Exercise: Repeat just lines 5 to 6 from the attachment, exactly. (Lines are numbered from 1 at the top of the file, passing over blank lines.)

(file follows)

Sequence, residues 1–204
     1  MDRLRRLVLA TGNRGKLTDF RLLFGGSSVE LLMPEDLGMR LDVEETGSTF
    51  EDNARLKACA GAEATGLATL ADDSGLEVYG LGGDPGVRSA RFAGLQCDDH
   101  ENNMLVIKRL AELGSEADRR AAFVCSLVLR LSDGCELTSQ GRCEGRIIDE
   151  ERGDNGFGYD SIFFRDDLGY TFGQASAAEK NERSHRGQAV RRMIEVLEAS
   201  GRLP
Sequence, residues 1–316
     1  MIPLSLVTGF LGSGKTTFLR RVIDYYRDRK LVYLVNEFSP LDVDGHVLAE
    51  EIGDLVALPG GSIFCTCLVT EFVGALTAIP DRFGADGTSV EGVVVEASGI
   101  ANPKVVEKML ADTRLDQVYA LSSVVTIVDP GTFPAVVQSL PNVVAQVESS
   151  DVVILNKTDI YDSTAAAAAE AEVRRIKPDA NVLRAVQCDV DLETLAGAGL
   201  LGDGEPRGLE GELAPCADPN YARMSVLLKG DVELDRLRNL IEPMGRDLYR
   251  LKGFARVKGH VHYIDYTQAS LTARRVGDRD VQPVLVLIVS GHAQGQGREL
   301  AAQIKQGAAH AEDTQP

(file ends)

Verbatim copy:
   151  ERGDNGFGYD SIFFRDDLGY TFGQASAAEK NERSHRGQAV RRMIEVLEAS
   201  GRLP